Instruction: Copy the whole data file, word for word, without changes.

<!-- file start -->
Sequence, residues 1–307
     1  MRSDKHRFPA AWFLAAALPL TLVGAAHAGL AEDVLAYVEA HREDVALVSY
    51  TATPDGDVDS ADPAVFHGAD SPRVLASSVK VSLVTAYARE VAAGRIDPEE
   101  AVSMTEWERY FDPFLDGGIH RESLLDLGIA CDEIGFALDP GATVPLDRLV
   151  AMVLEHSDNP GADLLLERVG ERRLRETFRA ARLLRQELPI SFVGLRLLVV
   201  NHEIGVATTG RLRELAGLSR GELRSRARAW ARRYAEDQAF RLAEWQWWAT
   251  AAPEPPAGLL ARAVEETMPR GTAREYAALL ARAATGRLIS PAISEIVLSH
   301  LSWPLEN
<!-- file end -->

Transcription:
Sequence, residues 1–307
     1  MRSDKHRFPA AWFLAAALPL TLVGAAHAGL AEDVLAYVEA HREDVALVSY
    51  TATPDGDVDS ADPAVFHGAD SPRVLASSVK VSLVTAYARE VAAGRIDPEE
   101  AVSMTEWERY FDPFLDGGIH RESLLDLGIA CDEIGFALDP GATVPLDRLV
   151  AMVLEHSDNP GADLLLERVG ERRLRETFRA ARLLRQELPI SFVGLRLLVV
   201  NHEIGVATTG RLRELAGLSR GELRSRARAW ARRYAEDQAF RLAEWQWWAT
   251  AAPEPPAGLL ARAVEETMPR GTAREYAALL ARAATGRLIS PAISEIVLSH
   301  LSWPLEN